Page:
Green Watch: Have we erred in dismissing plastics outright?  - The Noel D'Cunha Sunday Column

By 11 Dec 2018

I switched on the National Geographic to see Planet or Plastic?. This compelling documentary is attempting to set a benchmark for CSR in Asia. The focus is on nine-million tonnes of plastic waste which ends up in the ocean every year. It’s a tough pill to swallow, but a reality that brands have to face up to. Developments like the #StopSucking movement to cut down on plastic straws and growth of the Plastic Pollution Coalition have very suddenly put the issue of plastic pollution back in the global limelight. Brands that want to keep up with consumer expectations and CSR benchmarks are getting on board.

The Squirrel Association of India strongly advocates extended producers responsibility (EPR)

Planet or Plastic? has a pledge for consumers to “choose the planet” and drive change. This includes; magazine issues wrapped in paper rather than plastic; and a USD 10-million commitment to Sky Ocean Ventures, which invests in businesses that can help solve the ocean plastic crisis. A particularly stunning component of the campaign is a composite map detailing the source and travels of plastic waste around the planet.  If there’s any question whether or not the issue of plastic needs to be on the minds of those in Asia, this map tells the whole story. Furthering the study’s findings, according to Ocean Conservancy just five countries in Asia contribute 55- 60% of the plastic that ends up in oceans across the globe. 

TAPMA says nay to plastic ban
This got me thinking. As an industry that uses plastics on a daily basis, what do the Indian print and packaging businesses really feel when they hear the material being berated?

More so, when I read about Tamil Nadu Plastics Manufacturers’ Association (TAPMA) demanding the withdrawal of the State government’s proposed plastics ban from January. TAPMA says, the move is discriminatory and will have a negative impact on the lives of about two lakh people, besides causing financial stress to banks.

The association represents more than 8,000 small and medium plastic products manufacturing units. It criticised the government’s decision to ban single-use plastics without proper consultation and discussion with stakeholders or taking into consideration scientific facts.

B Swaminathan, the chairman of the environment committee, TAPMA says, the government order is discriminatory, since it allows the use of plastics in many government departments but bans usage by the general public and the private sector. Swaminathan says, "Plastic bags supplied to government departments of forestry and horticulture are exempt whereas the same plastic bags supplied to cooperatives and private sector or individual farmers are banned."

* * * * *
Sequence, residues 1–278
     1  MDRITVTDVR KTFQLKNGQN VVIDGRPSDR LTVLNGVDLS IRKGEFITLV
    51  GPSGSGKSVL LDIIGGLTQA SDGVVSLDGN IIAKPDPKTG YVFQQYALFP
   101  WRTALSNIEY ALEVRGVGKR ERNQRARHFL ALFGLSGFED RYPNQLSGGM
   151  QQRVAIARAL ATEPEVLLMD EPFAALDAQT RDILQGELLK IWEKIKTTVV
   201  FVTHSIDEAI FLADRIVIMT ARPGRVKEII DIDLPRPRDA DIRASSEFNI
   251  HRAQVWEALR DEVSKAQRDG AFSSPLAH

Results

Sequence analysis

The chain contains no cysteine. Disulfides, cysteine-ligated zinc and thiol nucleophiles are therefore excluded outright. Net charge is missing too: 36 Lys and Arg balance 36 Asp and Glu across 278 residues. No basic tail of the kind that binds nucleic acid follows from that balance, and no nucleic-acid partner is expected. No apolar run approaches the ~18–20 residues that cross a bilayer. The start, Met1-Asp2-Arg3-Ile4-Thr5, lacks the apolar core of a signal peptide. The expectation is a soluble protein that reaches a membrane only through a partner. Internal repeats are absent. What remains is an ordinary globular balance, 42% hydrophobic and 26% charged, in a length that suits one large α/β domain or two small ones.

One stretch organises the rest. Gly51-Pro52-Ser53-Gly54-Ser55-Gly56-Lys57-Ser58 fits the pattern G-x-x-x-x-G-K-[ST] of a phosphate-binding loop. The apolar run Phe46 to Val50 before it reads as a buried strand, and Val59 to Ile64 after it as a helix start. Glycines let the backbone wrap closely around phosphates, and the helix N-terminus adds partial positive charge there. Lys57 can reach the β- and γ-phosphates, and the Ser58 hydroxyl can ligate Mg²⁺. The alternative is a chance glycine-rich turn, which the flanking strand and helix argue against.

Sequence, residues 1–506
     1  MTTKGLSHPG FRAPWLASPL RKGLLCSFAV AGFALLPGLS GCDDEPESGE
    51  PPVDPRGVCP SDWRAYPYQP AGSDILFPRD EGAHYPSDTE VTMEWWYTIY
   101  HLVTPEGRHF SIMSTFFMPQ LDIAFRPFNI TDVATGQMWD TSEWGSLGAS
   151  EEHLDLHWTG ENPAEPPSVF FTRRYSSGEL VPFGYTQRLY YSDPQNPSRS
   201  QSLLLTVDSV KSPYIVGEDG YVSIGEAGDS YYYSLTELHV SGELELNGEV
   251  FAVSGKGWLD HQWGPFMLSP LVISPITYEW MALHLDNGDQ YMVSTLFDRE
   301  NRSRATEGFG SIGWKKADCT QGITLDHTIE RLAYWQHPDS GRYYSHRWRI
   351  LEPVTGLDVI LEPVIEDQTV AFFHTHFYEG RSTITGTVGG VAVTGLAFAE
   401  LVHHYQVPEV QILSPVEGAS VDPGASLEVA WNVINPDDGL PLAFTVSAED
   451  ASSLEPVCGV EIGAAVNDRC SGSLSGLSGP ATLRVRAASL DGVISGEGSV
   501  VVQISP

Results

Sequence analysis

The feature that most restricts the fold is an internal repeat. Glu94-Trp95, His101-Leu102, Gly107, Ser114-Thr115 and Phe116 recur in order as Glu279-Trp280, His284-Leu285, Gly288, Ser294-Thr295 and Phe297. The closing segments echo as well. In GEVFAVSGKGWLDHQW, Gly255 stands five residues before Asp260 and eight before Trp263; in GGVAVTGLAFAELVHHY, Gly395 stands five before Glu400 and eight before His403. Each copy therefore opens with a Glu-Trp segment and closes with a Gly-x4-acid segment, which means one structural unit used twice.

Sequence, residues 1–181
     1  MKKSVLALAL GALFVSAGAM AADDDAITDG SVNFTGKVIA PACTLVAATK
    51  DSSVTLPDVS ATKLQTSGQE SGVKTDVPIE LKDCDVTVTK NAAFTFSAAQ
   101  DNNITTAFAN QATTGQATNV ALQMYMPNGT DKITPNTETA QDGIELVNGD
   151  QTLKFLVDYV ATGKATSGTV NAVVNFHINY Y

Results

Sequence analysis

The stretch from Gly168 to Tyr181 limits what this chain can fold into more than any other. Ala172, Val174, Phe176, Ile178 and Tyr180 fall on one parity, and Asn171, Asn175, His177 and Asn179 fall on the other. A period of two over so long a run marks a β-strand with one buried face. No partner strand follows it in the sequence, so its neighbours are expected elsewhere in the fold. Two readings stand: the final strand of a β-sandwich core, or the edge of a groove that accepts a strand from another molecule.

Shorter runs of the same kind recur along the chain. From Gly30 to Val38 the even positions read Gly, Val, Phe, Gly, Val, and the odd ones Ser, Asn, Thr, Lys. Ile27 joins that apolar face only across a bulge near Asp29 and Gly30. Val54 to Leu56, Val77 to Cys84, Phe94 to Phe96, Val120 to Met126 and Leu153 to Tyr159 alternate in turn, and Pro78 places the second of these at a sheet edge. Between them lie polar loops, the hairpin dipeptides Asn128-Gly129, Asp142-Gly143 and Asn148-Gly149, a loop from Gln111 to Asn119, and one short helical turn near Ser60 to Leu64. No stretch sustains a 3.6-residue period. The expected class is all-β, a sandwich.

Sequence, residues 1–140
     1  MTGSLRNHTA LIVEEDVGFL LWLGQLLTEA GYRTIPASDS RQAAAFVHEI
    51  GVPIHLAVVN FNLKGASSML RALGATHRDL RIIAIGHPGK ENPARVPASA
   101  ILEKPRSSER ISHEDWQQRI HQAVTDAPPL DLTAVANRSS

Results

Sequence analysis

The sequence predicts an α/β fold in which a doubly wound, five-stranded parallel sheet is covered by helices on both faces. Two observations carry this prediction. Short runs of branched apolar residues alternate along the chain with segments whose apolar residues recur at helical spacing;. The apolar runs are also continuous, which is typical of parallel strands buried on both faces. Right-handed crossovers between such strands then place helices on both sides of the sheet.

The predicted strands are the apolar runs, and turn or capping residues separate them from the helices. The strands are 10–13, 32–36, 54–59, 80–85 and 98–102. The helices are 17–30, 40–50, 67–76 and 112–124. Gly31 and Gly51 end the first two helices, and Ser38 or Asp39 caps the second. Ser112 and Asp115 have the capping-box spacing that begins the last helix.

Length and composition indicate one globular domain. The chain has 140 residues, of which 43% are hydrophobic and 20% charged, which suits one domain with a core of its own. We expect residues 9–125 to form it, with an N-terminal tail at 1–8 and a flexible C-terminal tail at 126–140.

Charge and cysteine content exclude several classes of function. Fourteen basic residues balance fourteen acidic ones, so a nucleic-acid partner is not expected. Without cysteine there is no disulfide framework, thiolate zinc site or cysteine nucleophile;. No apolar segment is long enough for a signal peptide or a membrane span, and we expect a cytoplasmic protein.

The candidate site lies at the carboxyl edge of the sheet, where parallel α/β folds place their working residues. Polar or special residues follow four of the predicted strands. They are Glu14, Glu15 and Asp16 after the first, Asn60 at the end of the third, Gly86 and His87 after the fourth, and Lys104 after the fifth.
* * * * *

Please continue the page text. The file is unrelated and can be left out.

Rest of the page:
Also, it bans all forms of plastic packaging including by small retail outlets, grocery shops, whereas the same is permitted for MNCs and FMCG companies. This will hit the businesses of small vendors, hawkers, shops, hotels, restaurants, and sweet-shops, he adds. TAPMA alleged that small units were being penalised. The inability of the government to implement a proper mechanism for segregation and recycling of the used plastics is taking a toll on the small players, whose manufacturing and packaging are approved as safe by the government.

Plastic recycling not possible in Maharashtra
A similar tussle is playing out in Maharashtra.

The Maharashtra Plastic Manufacturers’ Association (MPMA) say milk dairies are not ready for recycling milk pouches. The crux of the matter is the Maharashtra government’s insistence on plastic manufacturers and dairies to set up a mechanism for recycling milk pouches. This has created uncertainty, as members of plastic manufacturers and dairies do not want to take up the responsibility of recycling pouches under the Extended Producers Responsibility (EPR) rules.

Plastic manufacturers in Maharashtra say recycling pouches is not their responsibility, because they only supply films to dairies which then make milk pouches. The MPMA in a letter to the dairies conveyed its decision to "suspend supply of plastic films in view of ongoing actions against the industry".

As per MPCB rules, the manufacturers or producers must submit the EPR plan, including modalities of a waste collection system, to the urban development department for approval.

MPMA says that more than 200 units have stopped functioning because of "the alleged harassment at the hands of pollution board officials" for not preparing the EPR. They have indicated that they will stop supplying plastic films to dairies for making product pouches from 15 December if EPR rules are laid on them. Two years ago, the Centre had notified the Plastic Waste Management Rules, 2016, replacing the earlier Plastic Waste (Management and Handling) Rules, 2011.

Meanwhile, the Milk Producers and Processors’ Welfare Association has said that as plastic films are not available to make pouches; milk cannot be packed, there would no point in the collection of milk. They also cited their inability to implement the ERP.